5 Things to Know

5 things to know before the stock market opens Wednesday

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Customers order from a Chipotle restaurant at the King of Prussia Mall in King of Prussia, Pennsylvania.
Mark Makela | Reuters

Here are the most important news items that investors need to start their trading day:

1. The earnings feast continues

Even as investors chew over the latest remarks from Federal Reserve Chairman Jerome Powell (more below), they're digging into the next course in the earnings season menu. Yum Brands reported Wednesday morning, following Chipotle's lackluster report after the bell Tuesday. Under Armour, Uber and CVS Health also posted results. The main course Wednesday, though, will be Disney after the bell. Markets are particularly looking for clues about CEO Bob Iger's plans to stem streaming losses and perhaps cut jobs. Mattel also reports after the bell. Read live markets updates.

2. 'Disinflationary' returns

U.S. Federal Reserve Chair Jerome Powell responds to a question from David Rubenstein (not pictured) during an on-stage discussion at a meeting of The Economic Club of Washington, at the Renaissance Hotel in Washington, D.C., U.S, February 7, 2023. 
Amanda Andrade-rhoades | Reuters

The Fed chair again rolled out the word "disinflationary" during his remarks Tuesday at the Economic Club of Washington, as he acknowledged that price increases were starting to cool off. But his speech wasn't so dovish. Knowing full well that markets were his primary audience, Powell said it's going to take some time before things normalize – and that the Fed could keep raising rates if the data doesn't show continued "disinflationary" trends. "These are the very early stages," he said.

3. Microsoft's big plans for ChatGPT

Existing jobs will be more productive because of AI, says Microsoft CEO Satya Nadella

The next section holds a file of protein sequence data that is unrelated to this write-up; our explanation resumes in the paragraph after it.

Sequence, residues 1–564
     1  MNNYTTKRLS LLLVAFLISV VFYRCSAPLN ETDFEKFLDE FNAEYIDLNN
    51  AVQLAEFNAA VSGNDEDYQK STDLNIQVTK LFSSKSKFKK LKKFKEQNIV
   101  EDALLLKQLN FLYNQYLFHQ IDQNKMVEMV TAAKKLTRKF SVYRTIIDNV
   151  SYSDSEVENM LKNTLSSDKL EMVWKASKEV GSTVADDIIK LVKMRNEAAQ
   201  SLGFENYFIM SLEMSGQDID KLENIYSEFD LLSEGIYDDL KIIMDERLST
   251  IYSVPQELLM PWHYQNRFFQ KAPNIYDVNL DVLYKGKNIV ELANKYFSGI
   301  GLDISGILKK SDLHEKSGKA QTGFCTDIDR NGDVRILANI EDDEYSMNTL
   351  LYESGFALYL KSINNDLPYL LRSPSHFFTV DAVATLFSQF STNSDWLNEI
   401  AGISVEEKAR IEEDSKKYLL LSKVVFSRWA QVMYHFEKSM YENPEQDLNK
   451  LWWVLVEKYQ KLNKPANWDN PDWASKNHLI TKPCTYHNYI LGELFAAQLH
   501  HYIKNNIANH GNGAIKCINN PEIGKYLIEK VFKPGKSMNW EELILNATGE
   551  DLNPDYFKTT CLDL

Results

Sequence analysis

Existing jobs will be more productive because of AI, says Microsoft CEO Satya Nadella

Microsoft on Tuesday announced that it would use ChatGPT, OpenAI's buzzy artificially intelligent chatbot, to boost its Bing search engine and Edge internet browser. The announcement came on the heels of Google's own announcement about deploying its AI-powered chatbot, Bard, this year. CNBC learned more about Microsoft's plans, too. The company plans to release software that will let other companies and organizations create their own custom chatbots using ChatGPT, a source told CNBC. Among the potential uses for these custom chatbots: suggesting answers for customer service call center employees. The Microsoft tech could also be used by governments and schools, the source told CNBC.

4. State of the economic union

President Joe Biden delivers the State of the Union address to a joint session of Congress at the Capitol, Tuesday, Feb. 7, 2023, in Washington. Jacquelyn Martin/Pool via REUTERS
Pool | Via Reuters

President Joe Biden, in a feisty State of the Union address, urged Republicans to work with Democrats to help realize his economic vision. While that's doubtful – House Republicans, led by Speaker Kevin McCarthy, are dead set on opposing the Biden agenda – Biden nonetheless laid out his vision for the economy and a likely run for re-election next year. Five key points stood out, according to CNBC's Emma Kinery: A renewed push for a "billionaire's tax," a war on "junk fees," a tougher antitrust posture, boosting labor unions and broadening a price cap on insulin.

5. Zelenskyy visits London

UK Prime Minister Rishi Sunak Hosts the Ukrainian President, Volodymyr Zelenskyy on February 8, 2023 in London, England.
Leon Neal | Getty Images News | Getty Images

Ukrainian President Volodymyr Zelenskyy on Wednesday made a surprise visit to London. He was greeted by Prime Minister Rishi Sunak, and the two made their way to 10 Downing Street for meetings. "The United Kingdom was one of the first to come to Ukraine's aid. And today I'm in London to personally thank the British people for their support and Prime Minister Rishi Sunak for his leadership," Zelenskyy said. His visit also comes ahead of an expected major offensive by Russian forces as Vladimir Putin looks to seize back momentum in his nearly yearlong invasion of Ukraine. Read live war updates.

– CNBC's Sarah Min, Jeff Cox, Jordan Novet, Emma Kinery and Holly Ellyatt contributed to this report.

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